What you should know about using your vehicle to tow trailers safely

Here’s how to navigate the ups and downs of summer

marty sims, nait automotive service technician instructorCourtesy of Automotive Service Technician instructor Marty Sims, here’s an alarming scenario for anyone considering or currently towing a camping (or any other) trailer this summer.

Picture yourself making your way along British Columbia’s Coquihalla Highway, a 543-kilometre asphalt roller coaster between Hope and Kamloops. After a long grind uphill, you face the grim reality of gravity.

Suddenly, says Sims (Heavy Equipment Technician ’15), “You're going down a three-kilometre stretch of 2.5% grade that curves at the bottom.”

This is not the time to be questioning whether your truck is up to the task of pulling a 10,000-pound camper – or, more importantly, quickly stopping it if necessary.

Rather, the time for eliminating uncertainty is before hitching up for that summer trip, or before you even shell out for that new unit that an RV salesperson believes you’ll be able to tow.

Since it’s not the salesperson’s responsibility to know one way or another, here is Sims’ advice on ensuring your rig is roadworthy throughout the ups and downs of summers to come.

Read your owner’s manual

man reading book

“Don’t skim it,” says Sims of this essential guide to your vehicle. “Read it.”

In this case, pay close attention to the section devoted to towing, he adds. It will tell you exactly how much weight your vehicle can safely pull. If there’s any doubt, call your dealer. An online search, says Sims, may not zero in on the specifications of your particular vehicle.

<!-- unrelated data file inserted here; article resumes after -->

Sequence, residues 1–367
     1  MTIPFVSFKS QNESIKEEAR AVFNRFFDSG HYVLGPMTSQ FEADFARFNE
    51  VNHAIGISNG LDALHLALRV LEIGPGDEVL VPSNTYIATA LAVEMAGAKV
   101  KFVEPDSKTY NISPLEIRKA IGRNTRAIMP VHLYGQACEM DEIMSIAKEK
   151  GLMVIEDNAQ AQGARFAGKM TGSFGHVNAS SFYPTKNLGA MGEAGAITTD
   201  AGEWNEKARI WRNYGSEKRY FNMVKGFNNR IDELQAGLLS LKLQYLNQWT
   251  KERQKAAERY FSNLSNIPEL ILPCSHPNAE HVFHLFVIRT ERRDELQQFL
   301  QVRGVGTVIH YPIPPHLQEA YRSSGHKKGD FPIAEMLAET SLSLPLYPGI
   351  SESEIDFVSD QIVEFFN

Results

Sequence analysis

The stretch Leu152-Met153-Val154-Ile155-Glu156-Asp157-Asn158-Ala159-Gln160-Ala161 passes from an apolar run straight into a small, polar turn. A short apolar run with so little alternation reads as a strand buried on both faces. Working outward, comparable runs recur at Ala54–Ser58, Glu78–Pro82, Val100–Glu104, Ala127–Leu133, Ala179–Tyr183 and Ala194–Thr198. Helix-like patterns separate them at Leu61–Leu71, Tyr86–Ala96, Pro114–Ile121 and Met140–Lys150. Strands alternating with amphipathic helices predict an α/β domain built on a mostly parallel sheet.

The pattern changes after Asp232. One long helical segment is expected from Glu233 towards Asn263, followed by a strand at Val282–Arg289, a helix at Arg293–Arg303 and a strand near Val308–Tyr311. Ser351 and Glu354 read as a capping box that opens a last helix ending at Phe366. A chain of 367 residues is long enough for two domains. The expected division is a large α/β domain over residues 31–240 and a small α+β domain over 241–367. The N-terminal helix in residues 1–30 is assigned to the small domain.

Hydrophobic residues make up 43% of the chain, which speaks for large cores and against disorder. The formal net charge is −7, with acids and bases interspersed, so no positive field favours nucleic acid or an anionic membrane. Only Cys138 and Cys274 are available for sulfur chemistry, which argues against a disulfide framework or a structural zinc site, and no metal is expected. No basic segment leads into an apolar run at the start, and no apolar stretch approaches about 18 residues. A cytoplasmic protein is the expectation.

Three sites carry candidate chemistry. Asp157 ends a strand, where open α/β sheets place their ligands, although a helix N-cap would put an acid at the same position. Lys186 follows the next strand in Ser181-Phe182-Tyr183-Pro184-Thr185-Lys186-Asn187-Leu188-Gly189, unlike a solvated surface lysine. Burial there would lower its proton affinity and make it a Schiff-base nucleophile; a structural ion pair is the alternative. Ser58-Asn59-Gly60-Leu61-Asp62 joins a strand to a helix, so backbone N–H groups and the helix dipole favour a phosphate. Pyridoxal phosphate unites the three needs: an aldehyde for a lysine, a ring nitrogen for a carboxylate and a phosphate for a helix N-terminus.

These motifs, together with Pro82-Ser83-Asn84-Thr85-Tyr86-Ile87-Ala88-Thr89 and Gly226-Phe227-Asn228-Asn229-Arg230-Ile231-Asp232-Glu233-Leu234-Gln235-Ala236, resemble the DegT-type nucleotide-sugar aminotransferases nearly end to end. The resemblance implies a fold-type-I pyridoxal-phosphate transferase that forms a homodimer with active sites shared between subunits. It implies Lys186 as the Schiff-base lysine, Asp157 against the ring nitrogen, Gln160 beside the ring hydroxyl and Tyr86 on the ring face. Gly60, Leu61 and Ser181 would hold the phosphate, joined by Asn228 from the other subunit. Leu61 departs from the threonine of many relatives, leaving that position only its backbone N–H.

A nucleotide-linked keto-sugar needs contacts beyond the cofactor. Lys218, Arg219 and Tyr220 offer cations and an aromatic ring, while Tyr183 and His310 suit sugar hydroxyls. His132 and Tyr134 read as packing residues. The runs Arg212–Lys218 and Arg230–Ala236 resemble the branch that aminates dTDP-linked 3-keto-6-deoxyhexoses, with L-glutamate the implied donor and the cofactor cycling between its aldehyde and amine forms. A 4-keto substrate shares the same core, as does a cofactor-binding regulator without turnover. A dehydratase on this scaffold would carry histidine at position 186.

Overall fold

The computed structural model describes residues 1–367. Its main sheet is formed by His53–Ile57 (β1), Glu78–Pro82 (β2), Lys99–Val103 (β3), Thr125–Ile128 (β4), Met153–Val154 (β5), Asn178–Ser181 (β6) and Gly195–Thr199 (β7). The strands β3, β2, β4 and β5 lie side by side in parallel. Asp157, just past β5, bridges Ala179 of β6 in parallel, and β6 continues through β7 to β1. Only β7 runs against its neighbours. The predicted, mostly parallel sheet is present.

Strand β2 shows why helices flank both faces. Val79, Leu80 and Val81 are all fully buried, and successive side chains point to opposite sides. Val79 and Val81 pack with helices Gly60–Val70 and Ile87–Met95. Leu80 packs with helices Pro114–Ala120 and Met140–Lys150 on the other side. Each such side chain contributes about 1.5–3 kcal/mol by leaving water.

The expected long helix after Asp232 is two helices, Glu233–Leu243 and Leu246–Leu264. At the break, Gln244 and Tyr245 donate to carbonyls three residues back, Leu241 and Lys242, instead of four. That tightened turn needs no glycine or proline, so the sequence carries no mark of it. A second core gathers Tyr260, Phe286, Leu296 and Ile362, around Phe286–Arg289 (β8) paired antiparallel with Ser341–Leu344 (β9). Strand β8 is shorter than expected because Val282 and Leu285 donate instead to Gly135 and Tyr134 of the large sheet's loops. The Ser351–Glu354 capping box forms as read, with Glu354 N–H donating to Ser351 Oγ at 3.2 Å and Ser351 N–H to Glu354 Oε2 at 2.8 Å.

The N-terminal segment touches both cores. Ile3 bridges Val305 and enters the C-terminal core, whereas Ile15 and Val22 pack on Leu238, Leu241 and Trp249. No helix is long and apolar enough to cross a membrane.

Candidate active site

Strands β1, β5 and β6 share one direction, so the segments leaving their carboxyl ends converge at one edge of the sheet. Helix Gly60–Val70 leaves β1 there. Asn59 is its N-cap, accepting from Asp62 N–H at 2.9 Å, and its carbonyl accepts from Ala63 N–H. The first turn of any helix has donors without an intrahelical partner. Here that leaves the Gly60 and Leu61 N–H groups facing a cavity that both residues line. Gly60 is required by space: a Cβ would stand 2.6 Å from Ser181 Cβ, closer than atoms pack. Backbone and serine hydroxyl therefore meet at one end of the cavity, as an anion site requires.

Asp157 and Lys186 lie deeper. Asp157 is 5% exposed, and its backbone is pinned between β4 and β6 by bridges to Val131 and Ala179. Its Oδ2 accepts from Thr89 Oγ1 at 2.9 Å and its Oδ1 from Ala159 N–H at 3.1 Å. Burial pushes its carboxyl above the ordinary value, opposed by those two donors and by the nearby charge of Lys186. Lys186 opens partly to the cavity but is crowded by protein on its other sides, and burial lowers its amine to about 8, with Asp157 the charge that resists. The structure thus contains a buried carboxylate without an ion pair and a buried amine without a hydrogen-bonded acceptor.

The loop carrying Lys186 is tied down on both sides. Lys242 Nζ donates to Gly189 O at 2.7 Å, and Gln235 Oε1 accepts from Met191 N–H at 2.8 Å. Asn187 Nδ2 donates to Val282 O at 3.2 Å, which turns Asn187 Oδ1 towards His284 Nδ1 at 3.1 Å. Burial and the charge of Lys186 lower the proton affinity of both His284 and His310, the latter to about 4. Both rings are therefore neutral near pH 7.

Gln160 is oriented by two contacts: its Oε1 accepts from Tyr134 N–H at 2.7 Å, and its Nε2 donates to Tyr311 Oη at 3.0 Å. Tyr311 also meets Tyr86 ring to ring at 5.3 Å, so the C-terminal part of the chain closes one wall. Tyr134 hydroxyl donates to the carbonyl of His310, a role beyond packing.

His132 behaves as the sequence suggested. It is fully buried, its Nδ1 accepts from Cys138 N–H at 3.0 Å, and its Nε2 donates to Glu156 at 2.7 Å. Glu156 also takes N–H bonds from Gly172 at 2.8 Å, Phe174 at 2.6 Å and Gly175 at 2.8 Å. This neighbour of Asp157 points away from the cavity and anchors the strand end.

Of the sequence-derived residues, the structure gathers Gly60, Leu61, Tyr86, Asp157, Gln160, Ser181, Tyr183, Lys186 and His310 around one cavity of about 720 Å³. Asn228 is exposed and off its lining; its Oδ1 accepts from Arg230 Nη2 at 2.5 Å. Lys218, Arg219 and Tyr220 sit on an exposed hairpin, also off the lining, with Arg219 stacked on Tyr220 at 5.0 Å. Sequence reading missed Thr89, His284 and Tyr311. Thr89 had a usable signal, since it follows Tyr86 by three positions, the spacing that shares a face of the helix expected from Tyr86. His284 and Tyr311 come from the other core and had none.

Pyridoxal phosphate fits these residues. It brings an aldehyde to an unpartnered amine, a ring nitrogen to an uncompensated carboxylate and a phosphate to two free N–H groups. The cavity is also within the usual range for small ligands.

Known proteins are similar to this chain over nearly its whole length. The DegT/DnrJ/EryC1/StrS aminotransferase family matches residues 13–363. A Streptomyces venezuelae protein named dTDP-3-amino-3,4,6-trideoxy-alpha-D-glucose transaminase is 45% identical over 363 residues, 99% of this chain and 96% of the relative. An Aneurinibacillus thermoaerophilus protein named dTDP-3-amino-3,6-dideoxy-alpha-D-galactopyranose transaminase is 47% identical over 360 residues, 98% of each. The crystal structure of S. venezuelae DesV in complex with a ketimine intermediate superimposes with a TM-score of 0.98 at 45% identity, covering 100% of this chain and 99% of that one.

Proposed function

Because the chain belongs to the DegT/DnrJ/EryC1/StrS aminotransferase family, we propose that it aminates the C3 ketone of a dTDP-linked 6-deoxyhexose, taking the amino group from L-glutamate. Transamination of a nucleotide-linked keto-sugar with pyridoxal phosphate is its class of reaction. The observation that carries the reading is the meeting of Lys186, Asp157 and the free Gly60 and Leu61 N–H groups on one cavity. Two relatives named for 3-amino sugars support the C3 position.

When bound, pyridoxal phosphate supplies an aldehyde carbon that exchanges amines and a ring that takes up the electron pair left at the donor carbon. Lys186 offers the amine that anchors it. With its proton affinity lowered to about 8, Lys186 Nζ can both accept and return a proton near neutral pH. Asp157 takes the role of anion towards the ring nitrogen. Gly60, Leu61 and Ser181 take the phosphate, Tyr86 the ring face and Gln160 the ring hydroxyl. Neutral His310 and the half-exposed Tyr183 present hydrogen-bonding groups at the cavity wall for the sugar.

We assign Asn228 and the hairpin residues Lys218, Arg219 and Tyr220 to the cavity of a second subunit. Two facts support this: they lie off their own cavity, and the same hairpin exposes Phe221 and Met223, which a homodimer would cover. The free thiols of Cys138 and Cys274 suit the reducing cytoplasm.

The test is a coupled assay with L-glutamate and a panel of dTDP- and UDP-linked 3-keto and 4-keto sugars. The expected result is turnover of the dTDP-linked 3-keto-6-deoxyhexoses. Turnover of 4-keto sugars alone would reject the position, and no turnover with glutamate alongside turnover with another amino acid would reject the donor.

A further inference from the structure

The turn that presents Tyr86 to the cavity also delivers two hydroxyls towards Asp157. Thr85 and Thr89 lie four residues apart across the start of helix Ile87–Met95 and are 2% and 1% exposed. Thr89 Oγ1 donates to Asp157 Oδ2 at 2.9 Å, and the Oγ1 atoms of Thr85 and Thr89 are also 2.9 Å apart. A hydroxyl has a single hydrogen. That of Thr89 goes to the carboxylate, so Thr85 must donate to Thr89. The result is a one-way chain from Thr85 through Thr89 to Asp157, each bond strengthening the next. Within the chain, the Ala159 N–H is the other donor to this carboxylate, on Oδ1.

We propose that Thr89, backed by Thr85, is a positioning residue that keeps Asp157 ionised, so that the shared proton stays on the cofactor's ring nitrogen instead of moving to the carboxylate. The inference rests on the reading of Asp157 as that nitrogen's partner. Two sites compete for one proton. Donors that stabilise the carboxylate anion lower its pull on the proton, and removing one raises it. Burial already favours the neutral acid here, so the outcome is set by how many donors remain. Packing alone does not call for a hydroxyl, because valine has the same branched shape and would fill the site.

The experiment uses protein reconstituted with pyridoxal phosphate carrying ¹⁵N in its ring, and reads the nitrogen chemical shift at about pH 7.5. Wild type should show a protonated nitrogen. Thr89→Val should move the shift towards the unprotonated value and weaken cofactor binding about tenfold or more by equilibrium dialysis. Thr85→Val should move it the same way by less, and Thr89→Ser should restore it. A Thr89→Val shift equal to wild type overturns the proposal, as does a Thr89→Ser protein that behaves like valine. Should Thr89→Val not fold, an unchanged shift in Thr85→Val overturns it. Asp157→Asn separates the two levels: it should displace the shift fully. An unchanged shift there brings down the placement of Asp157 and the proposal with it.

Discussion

Focus on your weight, not power

close up of pickup truck engine

Because of the laws of physics, the key factor to focus on is the weight of your vehicle. “It's not the power of the engine,” says Sims.

Sure, you have to be able to get up that Coquihalla hill, but when picking up speed on the other side of it, a heavier truck is less likely to be pushed ahead by the momentum of the trailer.

Watch your tongue

close up of pick up truck hitch

A trailer will exert force in two main directions, Sims points out. As an object otherwise at rest, it will naturally resist against the vehicle, but “there's also a tongue weight.”

The latter pushes downward on the hitch and includes everything between the vehicle’s back bumper and the trailer proper. Your manual will tell you how much your vehicle can bear.

“You also need a hitch that's rated for the towing you're doing,” Sims adds. There are five classes – make sure your choice is up to the task of pulling the weight of your trailer and accommodating the tongue weight.

Don’t load up

overpacked suv

Attaching a trailer to your vehicle doesn’t mean you’ve added space to haul countless pieces of camping gear.

“If we put an ATV in the back of the truck and a boat behind the trailer, that all counts,” says Sims. Be sure that your extras (passengers included) don’t put you over the towing capacity cap.

If in doubt, Sims adds, you can always check your total weight at a roadside weigh station.

Do the work that needs to be done – sooner than later

male mechanic working under vehicle

Has your “check engine” light been on for a while? Try to turn it off before hooking up and heading out.

“Make sure that your vehicle is in tip-top shape before you tow,” says Sims. “Get it into a shop [and] bite the bullet and fix the things that need to be fixed.”

In particular, check the brakes, steering, condition of the tires, and system fluids.

“Trailers need maintenance, too,” says Sims. Check that the electrical connection between the vehicle and trailer is sound and, on larger units, that the brakes on the trailer itself are working properly. Also, is the unit’s spare tire still inflated?

But “the most common reason for a trailer to be pulled over is because the axle bearings haven't been serviced or got damaged.” Worst case scenario, this can mean seized wheels. Have the bearings repacked with clean grease every year or two – or “you can do it yourself,” says Sims. “It’s not terribly difficult.”

Whether you handle the checkup yourself or take the trailer to the shop, consider doing it at a time that lets you make the most of the camping season.

“Get it checked out and fixed up in the winter,” says Sims. “When you pull it out in the spring, it's going to be fine.”

Banner image by MCCAIG/istockphoto.com

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